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Parental Abortion Consent Bill Passes In Florida House Committee

The Florida House Health and Human Services Committee approved the parental consent bill on Tuesday. MICHAEL RIVERA
The Florida House Health and Human Services Committee approved the parental consent bill on Tuesday. MICHAEL RIVERA

A Florida House committee passed a bill Tuesday requiring a minor to receive parental permission before getting an abortion.

The House Health and Human Services Committee approved the bill by a 12-6 vote.

House Bill 265  was written by Rep. Erin Grall, R-Vero Beach. The bill says that a female under the age of 18 years old would need the consent of a parent/legal guardian or a waiver from a Florida judge if she wants to have an abortion.

Grall said that her main concern was the safety of teenagers.

“I find it hard, just overwhelmingly tragic, that a parent would not have the ability to know whether or not the facility by which their minor daughter goes to obtain an abortion was, in fact, safe,” she explained during her closing statement before the committee.

Chair Ray Rodrigues, R-Estero, who voted in favor of the bill, said, “we don’t let minors under 18 enter into legal contracts in this state, part of the reason we don’t do that is they don’t have the maturity to deal with long term consequences that will bind them… yet (abortion) is a decision with long-term consequences. ...That appears to be inconsistent.”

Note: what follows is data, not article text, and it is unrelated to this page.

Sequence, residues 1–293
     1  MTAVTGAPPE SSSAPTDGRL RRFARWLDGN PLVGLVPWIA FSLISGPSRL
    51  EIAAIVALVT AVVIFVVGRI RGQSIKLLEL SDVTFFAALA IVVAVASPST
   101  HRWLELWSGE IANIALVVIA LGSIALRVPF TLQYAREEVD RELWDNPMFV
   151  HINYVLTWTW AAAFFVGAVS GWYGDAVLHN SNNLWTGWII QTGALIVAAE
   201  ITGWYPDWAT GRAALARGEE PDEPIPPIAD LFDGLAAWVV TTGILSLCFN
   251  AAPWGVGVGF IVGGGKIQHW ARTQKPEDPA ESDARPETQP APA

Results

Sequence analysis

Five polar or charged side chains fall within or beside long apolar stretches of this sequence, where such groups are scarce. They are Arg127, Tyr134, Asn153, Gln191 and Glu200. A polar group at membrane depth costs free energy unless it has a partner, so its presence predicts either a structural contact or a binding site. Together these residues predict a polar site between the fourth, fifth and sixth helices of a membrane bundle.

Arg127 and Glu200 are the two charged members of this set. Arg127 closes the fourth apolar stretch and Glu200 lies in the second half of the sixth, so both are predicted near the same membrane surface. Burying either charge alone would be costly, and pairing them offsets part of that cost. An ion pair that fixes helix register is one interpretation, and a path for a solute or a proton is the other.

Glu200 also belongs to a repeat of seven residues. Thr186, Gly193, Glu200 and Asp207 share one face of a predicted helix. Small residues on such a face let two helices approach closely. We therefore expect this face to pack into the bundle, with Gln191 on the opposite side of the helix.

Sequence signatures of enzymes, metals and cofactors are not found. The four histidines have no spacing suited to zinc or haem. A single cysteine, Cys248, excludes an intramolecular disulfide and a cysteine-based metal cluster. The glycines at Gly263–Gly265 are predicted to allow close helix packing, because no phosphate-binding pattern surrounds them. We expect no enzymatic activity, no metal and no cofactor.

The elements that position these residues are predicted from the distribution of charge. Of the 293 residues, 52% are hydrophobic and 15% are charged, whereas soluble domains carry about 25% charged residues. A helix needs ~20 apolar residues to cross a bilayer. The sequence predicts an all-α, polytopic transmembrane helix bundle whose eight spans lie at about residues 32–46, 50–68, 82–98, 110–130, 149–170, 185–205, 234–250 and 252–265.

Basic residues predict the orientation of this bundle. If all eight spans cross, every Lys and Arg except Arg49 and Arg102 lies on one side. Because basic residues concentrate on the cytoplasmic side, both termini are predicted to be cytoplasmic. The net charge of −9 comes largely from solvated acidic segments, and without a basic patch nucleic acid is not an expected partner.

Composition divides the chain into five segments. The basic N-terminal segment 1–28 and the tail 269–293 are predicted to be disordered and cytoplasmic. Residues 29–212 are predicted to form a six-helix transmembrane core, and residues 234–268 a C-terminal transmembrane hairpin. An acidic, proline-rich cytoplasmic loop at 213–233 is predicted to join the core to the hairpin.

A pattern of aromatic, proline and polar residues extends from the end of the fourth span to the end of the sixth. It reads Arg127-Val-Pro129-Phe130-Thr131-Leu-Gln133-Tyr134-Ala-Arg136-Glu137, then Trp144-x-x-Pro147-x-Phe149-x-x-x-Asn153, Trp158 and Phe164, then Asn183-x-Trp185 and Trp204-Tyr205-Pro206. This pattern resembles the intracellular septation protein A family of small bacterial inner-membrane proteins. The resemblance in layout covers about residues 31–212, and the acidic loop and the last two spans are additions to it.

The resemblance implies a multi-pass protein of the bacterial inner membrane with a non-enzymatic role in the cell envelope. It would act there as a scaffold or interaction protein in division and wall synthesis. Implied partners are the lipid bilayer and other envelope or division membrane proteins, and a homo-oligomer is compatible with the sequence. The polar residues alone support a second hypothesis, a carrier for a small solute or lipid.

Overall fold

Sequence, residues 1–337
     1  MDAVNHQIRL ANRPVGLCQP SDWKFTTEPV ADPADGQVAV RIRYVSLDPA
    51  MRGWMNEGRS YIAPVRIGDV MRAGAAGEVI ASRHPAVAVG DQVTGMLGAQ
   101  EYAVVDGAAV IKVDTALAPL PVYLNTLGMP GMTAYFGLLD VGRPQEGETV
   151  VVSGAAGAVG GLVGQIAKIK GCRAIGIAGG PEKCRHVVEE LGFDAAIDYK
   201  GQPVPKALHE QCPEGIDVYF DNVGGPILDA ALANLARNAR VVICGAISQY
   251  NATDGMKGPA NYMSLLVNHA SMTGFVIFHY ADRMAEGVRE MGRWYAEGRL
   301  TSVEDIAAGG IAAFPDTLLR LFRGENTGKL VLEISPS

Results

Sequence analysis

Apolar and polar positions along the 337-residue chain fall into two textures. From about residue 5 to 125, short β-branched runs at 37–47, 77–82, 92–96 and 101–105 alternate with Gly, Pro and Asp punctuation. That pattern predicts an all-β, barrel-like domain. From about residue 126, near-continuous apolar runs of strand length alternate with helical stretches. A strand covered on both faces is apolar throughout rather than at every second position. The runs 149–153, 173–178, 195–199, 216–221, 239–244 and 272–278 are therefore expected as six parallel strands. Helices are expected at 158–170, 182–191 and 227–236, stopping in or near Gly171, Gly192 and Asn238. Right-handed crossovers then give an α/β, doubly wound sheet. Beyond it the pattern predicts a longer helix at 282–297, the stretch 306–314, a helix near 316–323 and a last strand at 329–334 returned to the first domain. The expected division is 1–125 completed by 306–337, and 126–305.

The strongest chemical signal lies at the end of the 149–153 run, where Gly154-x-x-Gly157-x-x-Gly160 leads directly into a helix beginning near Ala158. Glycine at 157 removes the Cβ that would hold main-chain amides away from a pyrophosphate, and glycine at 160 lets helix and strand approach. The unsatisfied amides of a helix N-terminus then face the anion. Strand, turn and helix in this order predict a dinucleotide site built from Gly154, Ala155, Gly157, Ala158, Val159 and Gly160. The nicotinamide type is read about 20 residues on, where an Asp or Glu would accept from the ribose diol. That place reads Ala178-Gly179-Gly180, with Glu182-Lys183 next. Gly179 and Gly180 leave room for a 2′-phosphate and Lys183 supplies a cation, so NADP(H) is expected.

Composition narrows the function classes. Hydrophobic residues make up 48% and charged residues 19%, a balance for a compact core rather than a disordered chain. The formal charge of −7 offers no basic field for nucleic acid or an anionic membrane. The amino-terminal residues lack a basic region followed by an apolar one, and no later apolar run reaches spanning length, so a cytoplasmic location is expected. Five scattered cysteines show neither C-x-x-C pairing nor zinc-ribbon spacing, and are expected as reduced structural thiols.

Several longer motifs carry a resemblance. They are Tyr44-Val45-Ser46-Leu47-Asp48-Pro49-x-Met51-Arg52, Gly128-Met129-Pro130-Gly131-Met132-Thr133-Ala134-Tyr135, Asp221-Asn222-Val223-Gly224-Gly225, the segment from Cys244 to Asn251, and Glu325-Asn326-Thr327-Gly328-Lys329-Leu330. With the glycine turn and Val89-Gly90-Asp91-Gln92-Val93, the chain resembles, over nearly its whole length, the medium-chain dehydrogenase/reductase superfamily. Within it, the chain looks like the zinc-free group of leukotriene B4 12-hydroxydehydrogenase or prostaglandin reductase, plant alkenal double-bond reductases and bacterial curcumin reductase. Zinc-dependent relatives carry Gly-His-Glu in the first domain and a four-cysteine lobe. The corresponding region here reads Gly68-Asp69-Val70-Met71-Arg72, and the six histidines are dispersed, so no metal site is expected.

But some committee members and other legislators spoke out against the bill.

“I’m happy for those individuals who have children, and (the children) are very respectful to you and can feel like they need to come to talk to you…but a lot of children are not raised in households like this,” said Rep. Shevrin Jones, D-West Park, who voted against the proposal.

“Instead of having this conversation, we should be talking about health education…I’m asking that we change our conversation,” added Jones.

One representative not on the committee who has also spoken out against the bill is Anna Eskamani, D-Orlando. Prior to the public hearing, Eskamani, along with other legislators and community members, protested in the state Capitol.

“The reality is that this law, which we debated last session as well, has been shown to put the most at risk youth in greater danger,” Eskamani said. “But the truth is if this bill becomes law, access to safer abortion for every Floridian is at risk.”

The bill, which is expected to move quickly through the House, will be considered during the 2020 legislative session, which starts in January.

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